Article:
A total of 115 Zika infections have been confirmed in Singapore, including the first pregnant woman in the country to be diagnosed with the virus, said the Ministry of Health (MOH) and National Environment Agency (NEA) said in a joint briefing session on Wednesday.
The authorities also identified a new potential cluster at Bedok North Avenue 3, and also confirmed 24 new cases, most of which are from the existing cluster.
Of the 24 new cases, authorities said 22 cases are from the Sims Drive/Aljunied Crescent cluster, which now also extends to Kallang Way and Paya Lebar Way.
Two of the new cases have no known links to the affected area.
One patient lives at Joo Seng Road and the other lives at Punggol Way.
The potential new cluster at Bedok North Avenue 3 involves three previously reported cases, said MOH and NEA.
The cases were reported on Tuesday. One case in Bedok North has a link to Kallang Way, but the other two have no known links to the Sims Drive/Aljunied Crescent cluster – which authorities said points to a possible new cluster.
NEA said it will begin mosquito control operations at the potential new cluster at Bedok North Avenue 3, and will also step up vector control in other parts of Singapore.
Vector control remains the mainstay in reducing the spread of Zika, it added.
Health Minister Gan Kim Yong said: “Over time, we expect Zika cases to emerge from more areas. We must work and plan on the basis that there is Zika transmission in other parts of Singapore and extend our vector control efforts beyond the current affected areas.”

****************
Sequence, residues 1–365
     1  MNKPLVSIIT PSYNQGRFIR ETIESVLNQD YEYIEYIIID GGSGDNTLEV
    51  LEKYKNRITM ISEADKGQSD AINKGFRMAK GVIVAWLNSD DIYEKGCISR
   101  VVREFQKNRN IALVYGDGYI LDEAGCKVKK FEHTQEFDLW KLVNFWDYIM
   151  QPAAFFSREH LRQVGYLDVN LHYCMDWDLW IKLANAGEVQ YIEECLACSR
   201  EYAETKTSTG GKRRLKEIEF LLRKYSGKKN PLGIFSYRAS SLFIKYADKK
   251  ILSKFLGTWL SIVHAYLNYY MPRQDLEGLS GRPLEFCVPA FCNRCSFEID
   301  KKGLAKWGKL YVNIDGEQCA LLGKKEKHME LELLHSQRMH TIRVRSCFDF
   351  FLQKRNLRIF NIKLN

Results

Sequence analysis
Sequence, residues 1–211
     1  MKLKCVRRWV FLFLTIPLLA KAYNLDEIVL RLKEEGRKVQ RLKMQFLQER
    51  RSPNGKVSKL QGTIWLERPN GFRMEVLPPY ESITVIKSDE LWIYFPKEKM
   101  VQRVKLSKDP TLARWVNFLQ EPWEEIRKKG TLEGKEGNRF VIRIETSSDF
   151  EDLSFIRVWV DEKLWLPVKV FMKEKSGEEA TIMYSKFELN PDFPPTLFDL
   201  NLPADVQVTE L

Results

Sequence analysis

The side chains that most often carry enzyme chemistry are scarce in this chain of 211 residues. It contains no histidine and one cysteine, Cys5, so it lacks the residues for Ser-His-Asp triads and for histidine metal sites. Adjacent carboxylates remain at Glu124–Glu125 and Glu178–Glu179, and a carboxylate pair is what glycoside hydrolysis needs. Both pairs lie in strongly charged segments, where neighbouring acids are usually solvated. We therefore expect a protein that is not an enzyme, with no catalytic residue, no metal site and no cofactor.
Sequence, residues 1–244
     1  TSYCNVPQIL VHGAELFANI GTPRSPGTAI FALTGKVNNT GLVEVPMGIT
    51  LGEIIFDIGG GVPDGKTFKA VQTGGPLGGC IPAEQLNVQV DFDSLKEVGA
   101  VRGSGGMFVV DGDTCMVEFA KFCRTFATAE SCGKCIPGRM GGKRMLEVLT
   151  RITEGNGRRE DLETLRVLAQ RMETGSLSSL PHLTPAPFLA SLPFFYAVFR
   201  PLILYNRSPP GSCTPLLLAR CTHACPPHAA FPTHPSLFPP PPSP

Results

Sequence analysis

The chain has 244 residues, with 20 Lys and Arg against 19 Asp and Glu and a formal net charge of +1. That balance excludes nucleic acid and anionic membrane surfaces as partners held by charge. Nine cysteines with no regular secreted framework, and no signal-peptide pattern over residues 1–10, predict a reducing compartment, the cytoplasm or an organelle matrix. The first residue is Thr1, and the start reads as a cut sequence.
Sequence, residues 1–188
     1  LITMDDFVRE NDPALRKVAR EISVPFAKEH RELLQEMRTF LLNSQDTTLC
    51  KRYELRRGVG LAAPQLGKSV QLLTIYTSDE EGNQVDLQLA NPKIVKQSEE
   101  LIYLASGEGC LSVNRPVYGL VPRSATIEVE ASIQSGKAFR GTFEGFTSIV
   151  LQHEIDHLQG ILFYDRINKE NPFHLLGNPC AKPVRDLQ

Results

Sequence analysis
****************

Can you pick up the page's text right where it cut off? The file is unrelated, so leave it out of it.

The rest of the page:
The authorities also identified nine additional cases as a result of MOH’s look-back testing of previous cases.
The pregnant Zika patient lives in the Sims Drive/Aljunied Crescent area and was diagnosed on Wednesday, authorities said, adding that she displayed mild symptoms of the virus and was taken to KK Women’s and Children’s Hospital.
They added that she lives with a household member who was also diagnosed as positive for Zika.
Her doctor is following up closely with her to monitor her health as well as the development of the baby, authorities said. She will be referred to a maternal-foetal medicine specialist for counselling and advice.
National University Hospital Head of the Division of Maternal-Fetal Medicine in the Department of Obstetrics and Gynaecology Professor Arijit Biswas said the general guidelines are for pregnant patients with Zika to go for checks every four weeks.
On Wednesday morning, Health Minister Gan Kim Yong visited the National Public Health Laboratory where blood and urine samples of those suspected of having Zika are tested.
Posting about the visit on Facebook, MOH said the samples are sent to the lab from various public healthcare institutions, such as the Communicable Disease Centre and hospitals, where patients are referred to from general practitioner (GP) clinics and polyclinics.
The tests take about three hours to be completed before results are sent back to the healthcare institutions.
In all, it takes about half a day for patients to receive their results.
Gan thanked the lab workers who have been working into the night and over the weekend to ensure that patients get their test results as soon as possible.